Gnanasara turns very angry at the mere mention of Muslims and Islam, which is hardly the demeanour one expects of a pious Buddhist monk. Withanage’s previous, more moderate explanations of BBS activism now pale before a bilious Gnanasara who seems to rail at the notion of anyone who isn’t a Buddhist.
“Don’t talk with us,” Gnanasara yells. “Any Muslims, they are very bad people here. They are creating all problems here.”
All Muslims? I ask.
“Yes, all Muslims same!” Gnanasara yells. “No chance here! We want to stop this extremist work of Muslims. They are not going to destroy our culture. Buddhist people are very peaceful.”
Withanage chimes in, insisting that Sri Lanka’s Buddhists have been very tolerant despite what he sees as the cultural provocations around them: “Muslims are living peacefully, Muslims have all facilities here. The mayor of Colombo is a Muslim,” Withanage declares. “Do you allow in your country a Muslim to be a mayor?”
Yes, I answer, Australia has a number of elected public officials who are Muslim.
But Withanage is unconvinced. “The governor of this province is a Muslim so you can’t say Muslims can’t live peacefully?” he says.
I remind him that I didn’t say that, but that his boss, the BBS secretary-general Gnanasara, did barely a minute earlier, insisting that all Muslims were bad. I ask Gnanasara about Hindus? Christians? Foreigners? Does the BBS have any problems with them?
“We are against only extremist groups, and fundamentalists,” he says.
What about Buddhist fundamentalists, I ask?
“Where?” Gnanasara asks.
“Maybe here?” I suggest. I cite the remarks of various prominent Sri Lankans in civil-society circles, such as the diplomat and intellectual Dayan Jayatilleka and the politician Milinda Moragoda who negotiated the halal compromise. Both have publicly condemned BBS extremism.
“They are mad people,” he says. “Very bad people. They get funding from various people, Christian and other groups, to speak against Buddha, with NGOs.”
I cross-check, asking: So Jayatilleka, a career diplomat and Sri Lanka’s former UN ambassador, and former Minister Moragoda are mad?
“A very bad man he is,” snarls Gnanasara. “They are funded. You look at their background. Are they Buddhist? There are some groups created by the church and they want to destroy Buddhist culture. His [Jayatilleka’s] background is not Buddhist, Milinda is not Buddhist.”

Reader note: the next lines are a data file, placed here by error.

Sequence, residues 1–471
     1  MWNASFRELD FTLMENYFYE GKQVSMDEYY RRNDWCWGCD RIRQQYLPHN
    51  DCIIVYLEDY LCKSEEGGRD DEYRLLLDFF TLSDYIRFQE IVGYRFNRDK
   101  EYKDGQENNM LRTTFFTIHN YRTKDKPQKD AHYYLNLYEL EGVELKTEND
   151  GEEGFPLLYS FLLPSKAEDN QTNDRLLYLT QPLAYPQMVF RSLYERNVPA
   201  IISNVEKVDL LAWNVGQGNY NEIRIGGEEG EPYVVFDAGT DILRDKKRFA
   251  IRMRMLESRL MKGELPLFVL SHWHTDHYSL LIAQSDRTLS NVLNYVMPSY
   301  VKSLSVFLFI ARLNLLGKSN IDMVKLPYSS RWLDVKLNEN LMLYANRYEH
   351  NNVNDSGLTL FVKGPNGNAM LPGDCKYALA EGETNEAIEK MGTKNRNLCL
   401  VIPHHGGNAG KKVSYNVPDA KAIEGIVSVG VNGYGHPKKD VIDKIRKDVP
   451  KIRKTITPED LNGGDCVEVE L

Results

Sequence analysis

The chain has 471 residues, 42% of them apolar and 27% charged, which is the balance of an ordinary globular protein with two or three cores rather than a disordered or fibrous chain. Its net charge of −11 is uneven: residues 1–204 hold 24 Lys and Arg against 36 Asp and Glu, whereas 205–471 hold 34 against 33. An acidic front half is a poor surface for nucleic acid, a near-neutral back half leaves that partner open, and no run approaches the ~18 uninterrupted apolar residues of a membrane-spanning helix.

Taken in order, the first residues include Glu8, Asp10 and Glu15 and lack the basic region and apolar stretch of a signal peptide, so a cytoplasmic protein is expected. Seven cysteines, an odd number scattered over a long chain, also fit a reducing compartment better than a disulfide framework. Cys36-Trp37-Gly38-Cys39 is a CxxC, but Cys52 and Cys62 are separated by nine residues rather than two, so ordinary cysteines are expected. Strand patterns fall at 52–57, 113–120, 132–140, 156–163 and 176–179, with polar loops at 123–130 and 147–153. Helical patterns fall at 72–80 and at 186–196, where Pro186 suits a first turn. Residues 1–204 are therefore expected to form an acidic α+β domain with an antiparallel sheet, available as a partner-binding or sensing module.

Moragoda, however, had said: “As a practising Buddhist it would be improper for me to directly comment on a statement attributed to a member of the Buddhist clergy.”
Is President Rajapaksa a good Buddhist? I ask Gnanasara. And what of his brother Gotabaya, the Defence Secretary?
Gnanasara pauses, and smiles. “Yes, yes,” he says, his anger suddenly dissipating. “His [President Rajapaksa’s] wife is a Catholic, no?”
I think so, I say. Is that a problem?
“Very good,” he offers. “No problem.”
Translating Gnanasara’s Sinhala into English, Withanage says that Western media and other foreigners “like to attack Sri Lanka because we are a poor people, we are a small country, threatened by international pressures. And media, because you have money, you can travel. We would also like to come and interview your Prime Minister, but we don’t have money and you have enough money to do that.
“International media … have an agenda to destroy Buddhism and show the world that Buddhists are extremists, but when your prime minister talks about extremist ideas in Australia no-one talks about these things. Please fund us, so we can show that.”
“We don’t trust the foreign media,” adds Gnanasara, via Withanage. “Most of you come with hidden agendas. A lot of false information about BBS is spreading around the world.”
The latest media report to upset the BBS leaders came from Xinhua, the Chinese state news agency. China has essentially kept the Rajapaksa regime afloat since 2005, financing huge infrastructure projects in the President’s home region of Hambantota, and providing much of the military matériel used by his military to conquer the Tigers.